Put me in charge, and wokesters would be free to whine to their heart’s content about all things wholesome. But I would also ensure equal time for the pro-family side. Anti-free speech cancel culture would come to a screeching halt. With such a fair and level playing field, I’ve no doubt who would prevail at the end of the day. 

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Louis T. March has a background in government, business, and philanthropy. A former talk show host, author, and public speaker, he is a dedicated student of history and genealogy. Louis lives with his family in the beautiful Shenandoah Valley of Virginia.

Image: Pexels


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  • mrscracker
    Those were some lovely thoughts you shared Mrs. Janet. God bless you & your family.
  • Janet Tabinski
    commented 2024-03-06 08:52:13 +1100
    Guess I was lucky. As a girl I always wanted 4 children (I was the eldest of 4), but didn’t marry until my mid-30s in 1983. First baby at almost 36, last at 44. We didn’t contracept—God was our family planner. My husband, who worked in advertising, had several periods of unemployment. The last was for 8 years. Lean times, but we managed with tasty, basic (and healthy) home cooking and activities like Sunday drives with picnics, afternoons at a museum, going to the park or visiting friends.
    Something that would ease parents’ burden is serious price reductions for children up to at least age 16 in things like public transport, entrance fees, clothing/shoes being tax-free, etc. This attitude must be adopted not only by government but also by private companies when setting their prices.
    We sacrifice more than sleep when we become parents—fancy holidays, eating out as a lifestyle, meat on the table every night. So take camping holidays; use cheese, beans, lentils to supplement protein; ban expensive soft drinks and processed snacks (my kids ate apples or a mug of frozen peas after school); buy kids’ clothes, books and toys secondhand; play board games; be content with older and fewer tech items. If you need a walk-in closet, you own way too much! Live in a simpler, less acquisitive, more human mode. Bake your own biscuits and brownies, make your own popcorn and peanut butter, serve up hearty soups and stews—with an abundance of love. And have a grateful heart!
  • Mark Georges
    commented 2024-03-06 05:58:58 +1100
    It’s not nice to drift into childlessness. It’s not a mistake you can come back from by taking a pill or by saying I’m sorry. There is a window of fertility, and if this is not taken seriously, that son or daughter that is so deeply fulfilling for a woman to have will never happen. We need to tell women and men about this so that they can plan their lives taking into account this information. We need to tell families about this so that they will support each other in having children in their twenties and thirties. We need to tell governments about this so that public policy does all it can to help women to have children in a stable marriage during their fertility window.
  • mrscracker
    I agree with Mr. Shaw that women are postponing marriage & family until their biological fertility window’s almost closed. The availability of IVF can give them a false hope, but its success rate diminishes year by year.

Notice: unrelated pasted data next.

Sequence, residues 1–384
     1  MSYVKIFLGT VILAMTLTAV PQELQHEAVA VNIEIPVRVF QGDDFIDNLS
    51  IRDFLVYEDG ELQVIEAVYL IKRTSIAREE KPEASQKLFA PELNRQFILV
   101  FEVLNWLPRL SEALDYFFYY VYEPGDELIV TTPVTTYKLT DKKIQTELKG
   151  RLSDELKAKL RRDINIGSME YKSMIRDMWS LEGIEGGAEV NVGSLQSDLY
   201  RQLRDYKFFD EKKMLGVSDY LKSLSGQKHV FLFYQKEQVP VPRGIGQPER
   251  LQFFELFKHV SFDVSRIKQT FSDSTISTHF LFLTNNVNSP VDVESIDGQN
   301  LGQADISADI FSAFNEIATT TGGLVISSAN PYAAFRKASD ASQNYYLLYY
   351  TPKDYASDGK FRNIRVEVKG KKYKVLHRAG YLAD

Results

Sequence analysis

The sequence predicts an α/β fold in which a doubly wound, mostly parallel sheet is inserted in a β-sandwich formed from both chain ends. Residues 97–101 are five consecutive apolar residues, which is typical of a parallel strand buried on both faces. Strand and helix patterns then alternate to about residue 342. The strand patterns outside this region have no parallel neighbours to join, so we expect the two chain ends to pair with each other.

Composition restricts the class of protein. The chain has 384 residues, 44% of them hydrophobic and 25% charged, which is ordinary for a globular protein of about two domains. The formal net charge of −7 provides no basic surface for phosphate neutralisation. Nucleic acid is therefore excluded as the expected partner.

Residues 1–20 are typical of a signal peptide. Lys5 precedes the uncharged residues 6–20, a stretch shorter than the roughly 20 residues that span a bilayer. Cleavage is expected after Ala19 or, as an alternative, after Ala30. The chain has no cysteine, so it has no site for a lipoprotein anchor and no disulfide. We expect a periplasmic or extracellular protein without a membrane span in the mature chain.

• Geoffrey Haigh
    commented 2024-03-06 01:53:14 +1100
    The “Worldometer” estimates that there are 200,000 abortions per day worldwide. It is probably even higher than that since many countries have access to the abortion pills at home without medical supervision.
    This is therefore one major facxtor why birth rates are falling.
    Another factor is transgenderism which makes transgender males & females infertile due to being on constant hormone treatment.
    Another very important reason is the so called "Progressive Ideology seeks to denigrate male and female marriage which which results in destability of family and the need for children to have a parent of each sex.
  • Susan Rohrbach
    commented 2024-03-05 22:58:20 +1100
    A commenter said "The people contributing to the future gene pool are, by definition, the ones who want children. "

    Not so with IVF. As Brave (frankentube) New World bears out, it will be the genes selected by the state that will carry into the future.
  • Paul Bunyan
    commented 2024-03-05 20:47:39 +1100
    I think that would be a terrible idea, Philip. Shouldn’t people have children (biological or adopted) because they love them, not because they want the government to take care of them in their old age?

    Steven Mosher came up with a similar idea: forgive student loans for parents who have 3 or more children. That’s likely to lead to resentment, and it certainly won’t make things easier for couples who are financially strapped.
  • Philip Lynch
    commented 2024-03-05 20:25:06 +1100
    I have real sympathy for those couples who wish to conceive but are physically unable. A way to encourage all others to be fecund may be to tie future tax-funded superannuation to a person’s number of direct progeny. The carrot rather than the stick?
  • Steven Meyer
    commented 2024-03-05 12:52:07 +1100
    “Maybe if we prioritised people over profit, family life would thrive.”

    What? You some kind of commie Marxist?

    On a more serious note, how do you propose to bring about this transformation of society? You’re great on grumpiness but low on solutions.

    “Like so many data freaks, Shaw once believed Paul Ehrlich’s The Population Bomb thesis”

    Ehrlich was right. There was a population bomb and it did explode. In my lifetime global population more than tripled. Depending on how long I manage to stick around I may see it quadruple. I think mine is, fortunately, the first and last generation to witness such an explosion.

    Fortunately it turned out the population bomb was only a Hiroshima size nuke, not a 10MT H-bomb.

    “while fertility rates have crashed, families are not getting smaller. There are just fewer of them”

    Well, they are getting smaller but more children are surviving to adulthood. But that’s why I’m not worried about humans going extinct through lack of breeding. The people contributing to the future gene pool are, by definition, the ones who want children. Eventually the trend will bend.

    With luck maybe we’ll settle at a stable population of about 4 billion.
  • Louis T. March
    published this page in The Latest 2024-03-05 09:11:41 +1100